THE WAITE GROUPS C++ HOW-TO

PART III Algorithms


CHAPTER 8

THE STANDARD C LIBRARY S INCLUDED ALGORITHMS . . . . . . . . . .287 8.1 8.2 8.3 8.4 8.5 Sort an array . . . . . . . . . . . . . . . . . . . . . . . . . . . . . . . . . . . . . . . . . . . . . . . . .289 Find an element in an array . . . . . . . . . . . . . . . . . . . . . . . . . . . . . . . . . . . . .298 Locate an element in a nonsorted array . . . . . . . . . . . . . . . . . . . . . . . . . . . . .302 Choose between _lfind and _lsearch . . . . . . . . . . . . . . . . . . . . . . . . . . . . .305 Generate a sequence of random numbers . . . . . . . . . . . . . . . . . . . . . . . . . . . .309

CHAPTER 9

THE STANDARD TEMPLATE LIBRARY S INCLUDED ALGORITHMS . . .315 9.1 9.2 9.3 9.4 9.5 9.6 9.7 9.8 Create classes for sequential containers . . . . . . . . . . . . . . . . . . . . . . . . . . . . .320 Use predicates with sequence operations . . . . . . . . . . . . . . . . . . . . . . . . . . . .328 Repeat an action with all elements in a container range . . . . . . . . . . . . . . . . .333 Compare two sequences . . . . . . . . . . . . . . . . . . . . . . . . . . . . . . . . . . . . . . . .337 Search for a sequence of values in a container . . . . . . . . . . . . . . . . . . . . . . . .341 Accumulate all container elements and create a sequence of accumulated sums . . . . . . . . . . . . . . . . . . . . . . . . . . . . . . . . . . . . . . . . . .345 Sort elements in a container using different sorting indexes . . . . . . . . . . . . . .351 Change the order of the container elements . . . . . . . . . . . . . . . . . . . . . . . . . .362

PART IV Error Handling


CHAPTER 10

C-STYLE ERROR HANDLING . . . . . . . . . . . . . . . . . . . . . . . . . . . . . .373 10.1 10.2 10.3 10.4 10.5 10.6 10.7 10.8 10.9 Handle runtime errors in my programs . . . . . . . . . . . . . . . . . . . . . . . . . . . . .376 Use the standard C library functions perror and strerror and the predefined C macros to report runtime errors in my programs . . . . . . . . . . . .381 Use assert to catch errors in my code when running in debug mode . . . . . . .385 Use raise and signal to indicate errors in my programs . . . . . . . . . . . . . . . .387 Use abort to terminate my application if a serious error occurs . . . . . . . . . . .391 Use exit and atexit together to perform some action when my program terminates normally . . . . . . . . . . . . . . . . . . . . . . . . . . . . . . . . . . . . . . . . . . .393 Detect errors that occur when reading from or writing to a file using the file functions provided with the Standard C Library . . . . . . . . . . . . . . . . . . . .395 Use setjmp and longjmp to maintain state when handling errors . . . . . . . . . .397 Use a C++ class to handle runtime errors in a more maintainable fashion . . . .400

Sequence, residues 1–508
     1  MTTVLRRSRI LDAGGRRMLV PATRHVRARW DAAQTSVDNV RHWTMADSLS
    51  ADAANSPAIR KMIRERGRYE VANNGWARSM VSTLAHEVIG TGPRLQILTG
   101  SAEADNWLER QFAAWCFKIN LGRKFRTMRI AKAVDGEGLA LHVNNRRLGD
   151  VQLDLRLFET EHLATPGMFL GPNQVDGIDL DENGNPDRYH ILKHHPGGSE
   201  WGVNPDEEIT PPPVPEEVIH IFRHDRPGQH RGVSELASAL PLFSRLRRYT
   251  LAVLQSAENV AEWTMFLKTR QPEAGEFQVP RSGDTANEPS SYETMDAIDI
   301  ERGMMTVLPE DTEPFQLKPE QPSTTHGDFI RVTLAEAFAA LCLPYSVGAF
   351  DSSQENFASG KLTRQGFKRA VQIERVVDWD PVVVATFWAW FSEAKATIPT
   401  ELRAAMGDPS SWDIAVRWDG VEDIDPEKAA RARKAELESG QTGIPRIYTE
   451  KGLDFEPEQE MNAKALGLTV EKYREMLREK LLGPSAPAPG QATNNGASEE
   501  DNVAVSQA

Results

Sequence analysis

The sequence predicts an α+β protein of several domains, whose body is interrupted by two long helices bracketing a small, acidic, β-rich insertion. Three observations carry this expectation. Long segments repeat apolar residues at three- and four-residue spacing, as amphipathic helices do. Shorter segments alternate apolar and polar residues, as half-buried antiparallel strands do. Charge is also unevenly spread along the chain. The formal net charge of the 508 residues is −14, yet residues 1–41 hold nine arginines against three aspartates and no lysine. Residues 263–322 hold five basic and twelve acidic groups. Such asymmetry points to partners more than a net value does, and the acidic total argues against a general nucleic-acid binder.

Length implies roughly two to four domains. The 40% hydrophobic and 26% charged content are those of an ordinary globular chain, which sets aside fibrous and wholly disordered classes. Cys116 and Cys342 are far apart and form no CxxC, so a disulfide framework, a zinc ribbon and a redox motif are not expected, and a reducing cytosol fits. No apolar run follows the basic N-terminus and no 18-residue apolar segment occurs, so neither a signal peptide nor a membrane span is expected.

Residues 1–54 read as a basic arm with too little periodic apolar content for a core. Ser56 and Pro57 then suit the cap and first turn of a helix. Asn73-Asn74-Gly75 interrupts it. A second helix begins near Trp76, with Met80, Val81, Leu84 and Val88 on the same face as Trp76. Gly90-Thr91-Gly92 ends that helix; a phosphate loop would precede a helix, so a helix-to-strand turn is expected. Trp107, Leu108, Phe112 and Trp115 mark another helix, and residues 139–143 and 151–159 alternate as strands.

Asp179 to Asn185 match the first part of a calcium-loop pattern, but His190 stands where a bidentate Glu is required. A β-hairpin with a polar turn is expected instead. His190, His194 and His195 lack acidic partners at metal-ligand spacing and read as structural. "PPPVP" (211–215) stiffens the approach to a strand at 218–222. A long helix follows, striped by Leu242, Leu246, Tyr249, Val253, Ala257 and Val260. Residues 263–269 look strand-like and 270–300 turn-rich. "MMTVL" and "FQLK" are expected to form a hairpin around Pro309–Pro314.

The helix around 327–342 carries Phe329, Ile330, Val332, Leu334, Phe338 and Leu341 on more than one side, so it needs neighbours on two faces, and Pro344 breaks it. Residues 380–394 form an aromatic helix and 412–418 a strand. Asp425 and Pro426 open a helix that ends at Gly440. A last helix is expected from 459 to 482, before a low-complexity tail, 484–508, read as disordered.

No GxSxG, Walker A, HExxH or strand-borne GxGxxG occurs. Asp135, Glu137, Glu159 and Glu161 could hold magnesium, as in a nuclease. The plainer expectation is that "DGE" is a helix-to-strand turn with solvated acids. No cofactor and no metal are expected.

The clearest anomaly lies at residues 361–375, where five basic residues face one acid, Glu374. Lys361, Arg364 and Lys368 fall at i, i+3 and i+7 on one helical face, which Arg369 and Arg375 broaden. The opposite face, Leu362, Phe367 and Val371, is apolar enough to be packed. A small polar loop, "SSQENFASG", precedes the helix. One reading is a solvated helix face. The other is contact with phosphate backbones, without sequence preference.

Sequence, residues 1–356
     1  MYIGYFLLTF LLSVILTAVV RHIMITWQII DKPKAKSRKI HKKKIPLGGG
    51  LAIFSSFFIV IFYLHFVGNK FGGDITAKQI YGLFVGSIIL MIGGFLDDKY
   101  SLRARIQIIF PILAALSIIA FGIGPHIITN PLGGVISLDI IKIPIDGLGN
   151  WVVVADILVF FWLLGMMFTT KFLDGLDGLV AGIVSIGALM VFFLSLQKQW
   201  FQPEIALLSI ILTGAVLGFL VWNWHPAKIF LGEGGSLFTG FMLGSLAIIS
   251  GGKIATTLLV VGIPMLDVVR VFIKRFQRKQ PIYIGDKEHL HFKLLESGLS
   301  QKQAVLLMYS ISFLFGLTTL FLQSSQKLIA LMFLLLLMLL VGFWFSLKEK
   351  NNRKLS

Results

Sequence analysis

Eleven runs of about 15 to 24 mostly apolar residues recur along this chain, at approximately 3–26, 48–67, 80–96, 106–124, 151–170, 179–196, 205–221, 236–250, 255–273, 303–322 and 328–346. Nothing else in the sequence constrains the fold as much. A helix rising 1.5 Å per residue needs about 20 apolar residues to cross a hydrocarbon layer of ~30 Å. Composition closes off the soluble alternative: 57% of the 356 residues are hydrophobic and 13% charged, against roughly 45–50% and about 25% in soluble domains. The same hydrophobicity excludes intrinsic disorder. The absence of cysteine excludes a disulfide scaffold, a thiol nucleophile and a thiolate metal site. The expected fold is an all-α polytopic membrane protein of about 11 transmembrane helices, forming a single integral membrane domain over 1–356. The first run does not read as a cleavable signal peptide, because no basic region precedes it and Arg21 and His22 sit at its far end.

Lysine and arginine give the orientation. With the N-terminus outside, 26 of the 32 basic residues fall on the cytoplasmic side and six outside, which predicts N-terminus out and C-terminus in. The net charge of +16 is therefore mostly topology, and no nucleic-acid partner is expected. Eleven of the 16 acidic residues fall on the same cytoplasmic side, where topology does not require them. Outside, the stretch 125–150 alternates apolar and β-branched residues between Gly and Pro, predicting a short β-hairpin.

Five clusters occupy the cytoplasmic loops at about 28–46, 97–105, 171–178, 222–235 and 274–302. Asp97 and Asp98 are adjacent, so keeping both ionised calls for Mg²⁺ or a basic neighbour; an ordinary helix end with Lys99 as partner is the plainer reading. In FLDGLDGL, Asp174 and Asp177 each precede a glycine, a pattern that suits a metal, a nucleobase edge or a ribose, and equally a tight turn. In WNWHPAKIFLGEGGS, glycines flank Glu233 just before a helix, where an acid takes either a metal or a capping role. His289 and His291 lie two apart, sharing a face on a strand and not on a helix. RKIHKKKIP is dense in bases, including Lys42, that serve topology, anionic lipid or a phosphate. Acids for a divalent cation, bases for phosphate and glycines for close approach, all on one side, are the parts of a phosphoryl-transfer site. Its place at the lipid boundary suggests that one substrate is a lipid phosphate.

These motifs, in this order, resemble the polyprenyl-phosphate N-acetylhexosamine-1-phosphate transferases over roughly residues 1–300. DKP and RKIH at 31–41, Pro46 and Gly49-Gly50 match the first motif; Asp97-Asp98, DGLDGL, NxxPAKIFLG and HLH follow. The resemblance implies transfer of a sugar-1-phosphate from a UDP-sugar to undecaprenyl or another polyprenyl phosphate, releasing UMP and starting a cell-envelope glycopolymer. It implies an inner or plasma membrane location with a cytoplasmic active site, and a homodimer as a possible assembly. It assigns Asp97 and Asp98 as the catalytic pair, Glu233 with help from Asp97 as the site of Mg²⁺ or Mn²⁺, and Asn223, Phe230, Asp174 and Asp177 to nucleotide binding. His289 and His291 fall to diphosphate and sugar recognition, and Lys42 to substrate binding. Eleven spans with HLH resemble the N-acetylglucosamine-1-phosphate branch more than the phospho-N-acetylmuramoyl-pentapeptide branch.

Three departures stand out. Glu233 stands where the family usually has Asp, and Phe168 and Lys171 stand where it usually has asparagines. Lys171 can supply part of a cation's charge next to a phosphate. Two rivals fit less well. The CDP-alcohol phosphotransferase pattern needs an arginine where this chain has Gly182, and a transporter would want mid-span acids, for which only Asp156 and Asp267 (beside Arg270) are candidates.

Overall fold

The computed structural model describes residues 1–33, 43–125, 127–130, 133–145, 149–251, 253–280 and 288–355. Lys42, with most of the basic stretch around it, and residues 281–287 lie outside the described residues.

viii

CONTENTS

CHAPTER 11

EXCEPTION HANDLING IN C++ . . . . . . . . . . . . . . . . . . . . . . . . . . . .409 11.1 11.2 11.3 11.4 11.5 Utilize the exception handling mechanism to process potential error conditions . . . . . . . . . . . . . . . . . . . . . . . . . . . . . . . . . . . . . . . . . . . . . .411 Use the various catch constructs such as multiple catch clauses, catch ordering, and the rethrowing of exceptions . . . . . . . . . . . . . . . . . . . . .419 Implement and use an exception class . . . . . . . . . . . . . . . . . . . . . . . . . . . . . .425 Specify exceptions that a function will throw . . . . . . . . . . . . . . . . . . . . . . . . .430 Handle exceptions that are not caught or not expected . . . . . . . . . . . . . . . . . .434

PART V Memory Management


CHAPTER 12

NEW AND DELETE VERSUS MALLOC() AND FREE()

. . . . . . . . . . . . . .443

12.1 12.2 12.3 12.4 12.5 12.6

Use new and delete with the C malloc() and free() routines . . . . . . . . . . .445 Use other C mem... routines on objects allocated with new . . . . . . . . . . . . . .446 Find out how much memory my structures and classes really take . . . . . . . . .447 Prevent memory leaks caused by not using delete[] to delete arrays . . . . . . .450 Override the new or delete operators for my classes . . . . . . . . . . . . . . . . . . .451 Overload the new and delete functions for arrays . . . . . . . . . . . . . . . . . . . . .455

CHAPTER 13